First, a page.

Would you want to be friends with someone who only talked about themselves on social media? Of course not, so why would your fans want to follow your company’s social accounts if you’re too self promotional and lacking a level of self awareness?
Diplo Uses SoundCloud To Aggregate His Online Presence
SoundCloud doesn’t receive nearly as much coverage as it should. For those who are not aware, SoundCloud is a platform that allows users to host, share and distribute audio. Although it only launched in 2007 it currently boasts 200 million listeners a month.
Many of these listeners are EDM fans. In fact, the community seems to have grown right alongside the EDM genre, and artists have responded by becoming increasingly active on the platform. One of the most innovative and exciting users of SoundCloud is renowned DJ/Producer Diplo.
For the past four years, Diplo has been using SoundCloud to not only spread his music; but to give generously to his fans, support his fellow artists and build his own personal brand.
Even if you think you’ve never listened to Diplo you probably have without realizing it. Diplo has produced such chart topping hits as Alex Clare’s Too Close and M.I.A.’s Paper Planes. In addition to this, he also has a robust solo career, record label and popular collaboration project called Major Lazer.
With all of these disparate projects and identities, Diplo’s online presence could have very easily become fragmented and, in turn, scattered his fan-base. However, Diplo has masterfully used SoundCloud to not only avoid this, but to turn his many identities into one that is larger than the sum of its parts.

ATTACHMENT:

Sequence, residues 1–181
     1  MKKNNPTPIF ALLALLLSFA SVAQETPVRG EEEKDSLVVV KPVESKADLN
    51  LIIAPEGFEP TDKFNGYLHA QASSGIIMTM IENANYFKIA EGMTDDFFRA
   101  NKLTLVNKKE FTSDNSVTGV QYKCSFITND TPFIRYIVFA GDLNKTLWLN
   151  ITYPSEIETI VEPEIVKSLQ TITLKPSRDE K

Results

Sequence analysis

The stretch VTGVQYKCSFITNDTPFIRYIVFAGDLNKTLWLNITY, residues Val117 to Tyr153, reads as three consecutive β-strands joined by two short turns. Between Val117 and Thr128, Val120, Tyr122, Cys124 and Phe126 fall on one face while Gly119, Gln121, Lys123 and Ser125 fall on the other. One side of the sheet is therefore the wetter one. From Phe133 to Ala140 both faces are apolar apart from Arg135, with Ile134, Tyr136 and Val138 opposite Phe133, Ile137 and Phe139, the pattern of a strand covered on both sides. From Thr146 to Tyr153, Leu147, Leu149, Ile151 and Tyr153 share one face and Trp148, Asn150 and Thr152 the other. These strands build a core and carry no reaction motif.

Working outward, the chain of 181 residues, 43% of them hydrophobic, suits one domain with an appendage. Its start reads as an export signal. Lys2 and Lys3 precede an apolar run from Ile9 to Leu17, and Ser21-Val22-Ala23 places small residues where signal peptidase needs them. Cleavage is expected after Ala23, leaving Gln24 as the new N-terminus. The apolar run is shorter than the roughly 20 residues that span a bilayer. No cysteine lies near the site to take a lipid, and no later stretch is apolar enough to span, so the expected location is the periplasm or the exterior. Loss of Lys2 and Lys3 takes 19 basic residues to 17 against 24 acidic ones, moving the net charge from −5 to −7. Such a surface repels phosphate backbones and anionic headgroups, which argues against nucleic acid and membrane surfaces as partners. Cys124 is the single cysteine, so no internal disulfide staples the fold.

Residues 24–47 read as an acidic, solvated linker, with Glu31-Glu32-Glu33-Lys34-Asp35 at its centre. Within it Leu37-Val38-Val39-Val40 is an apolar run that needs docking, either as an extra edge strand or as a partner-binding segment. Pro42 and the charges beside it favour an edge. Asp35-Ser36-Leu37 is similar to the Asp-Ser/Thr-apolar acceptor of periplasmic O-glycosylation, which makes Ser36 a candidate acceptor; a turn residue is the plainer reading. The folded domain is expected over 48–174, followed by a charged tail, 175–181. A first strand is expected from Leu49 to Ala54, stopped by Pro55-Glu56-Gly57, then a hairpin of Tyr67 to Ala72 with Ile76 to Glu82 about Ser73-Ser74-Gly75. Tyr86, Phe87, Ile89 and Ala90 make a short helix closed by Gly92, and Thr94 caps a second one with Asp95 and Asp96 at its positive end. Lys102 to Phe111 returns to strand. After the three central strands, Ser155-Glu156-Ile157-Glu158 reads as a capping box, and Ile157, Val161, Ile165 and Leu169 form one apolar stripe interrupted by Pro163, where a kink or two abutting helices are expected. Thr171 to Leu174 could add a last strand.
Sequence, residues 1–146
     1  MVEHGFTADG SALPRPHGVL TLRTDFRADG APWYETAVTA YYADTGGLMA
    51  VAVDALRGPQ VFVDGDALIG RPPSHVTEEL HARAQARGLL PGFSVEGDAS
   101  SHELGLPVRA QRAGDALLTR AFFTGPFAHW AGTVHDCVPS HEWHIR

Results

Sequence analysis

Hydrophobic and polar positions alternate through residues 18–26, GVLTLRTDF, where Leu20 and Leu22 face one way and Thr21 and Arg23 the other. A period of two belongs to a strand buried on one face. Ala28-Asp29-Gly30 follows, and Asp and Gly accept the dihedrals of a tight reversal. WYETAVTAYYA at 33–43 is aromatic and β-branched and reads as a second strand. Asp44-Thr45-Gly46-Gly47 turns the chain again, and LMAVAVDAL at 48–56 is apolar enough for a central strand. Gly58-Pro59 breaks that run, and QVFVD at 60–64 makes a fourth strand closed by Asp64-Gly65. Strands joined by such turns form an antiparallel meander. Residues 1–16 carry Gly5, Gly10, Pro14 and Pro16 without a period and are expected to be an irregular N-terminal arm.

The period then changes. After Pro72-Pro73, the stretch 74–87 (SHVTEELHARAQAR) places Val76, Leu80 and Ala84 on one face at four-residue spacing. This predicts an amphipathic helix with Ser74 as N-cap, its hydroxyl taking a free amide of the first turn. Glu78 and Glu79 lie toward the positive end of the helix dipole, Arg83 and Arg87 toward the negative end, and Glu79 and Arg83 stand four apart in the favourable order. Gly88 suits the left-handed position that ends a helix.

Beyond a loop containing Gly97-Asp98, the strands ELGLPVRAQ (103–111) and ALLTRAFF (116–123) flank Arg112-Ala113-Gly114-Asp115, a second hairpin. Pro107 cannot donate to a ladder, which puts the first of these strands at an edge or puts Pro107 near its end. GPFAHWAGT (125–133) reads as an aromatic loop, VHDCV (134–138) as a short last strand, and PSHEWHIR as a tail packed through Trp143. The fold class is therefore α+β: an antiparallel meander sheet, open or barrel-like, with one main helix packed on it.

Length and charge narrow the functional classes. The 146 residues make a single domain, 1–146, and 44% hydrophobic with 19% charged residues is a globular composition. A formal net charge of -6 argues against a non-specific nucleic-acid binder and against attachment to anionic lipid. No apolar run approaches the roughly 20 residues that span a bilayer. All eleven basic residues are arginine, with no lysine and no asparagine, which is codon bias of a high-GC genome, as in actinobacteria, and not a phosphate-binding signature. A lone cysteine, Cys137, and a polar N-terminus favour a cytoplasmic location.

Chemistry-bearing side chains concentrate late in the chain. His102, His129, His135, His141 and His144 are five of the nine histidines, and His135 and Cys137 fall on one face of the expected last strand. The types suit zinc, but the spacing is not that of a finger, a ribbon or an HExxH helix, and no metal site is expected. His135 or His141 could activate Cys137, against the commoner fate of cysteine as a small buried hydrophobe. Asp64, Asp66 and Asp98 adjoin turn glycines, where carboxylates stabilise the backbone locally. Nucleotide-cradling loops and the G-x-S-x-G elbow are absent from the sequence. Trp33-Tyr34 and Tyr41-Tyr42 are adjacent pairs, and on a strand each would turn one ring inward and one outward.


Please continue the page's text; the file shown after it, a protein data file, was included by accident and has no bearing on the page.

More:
As a platform, SoundCloud makes perfect sense. Not only was it not crowded four years ago, it was centered around the one thing all of his projects had in common – music.
In order to consolidate his online brand, Diplo shares absolutely everything he does on Soundcloud. It acts as the hub for all of his produced tracks, collaborations and DJ sets.
His page is also the first place he puts out a track whenever it is released. Sometimes he will even release it exclusively on SoundCloud, giving his fans even more of a reason to follow him there.
For those familiar with the EDM world, a DJ’s job is not just to create his own tracks, but to curate and select a variety of songs that they include in their sets.
Since Diplo had already created a hub for all of his own music, the logical next step was to create place for all the music that wasn’t his. In April, Diplo did just that when he launched his new account aptly titled “Diplo Approved.”
This served to further cement his online brand while not diluting his main presence. It was a smart move not just from a DJ’s perspective, but from a content marketing perspective.
Content marketers and community managers are either in the business of content creation or content curation and the way that Diplo approached his online branding can offer a great lesson for content marketers in how to balance the two.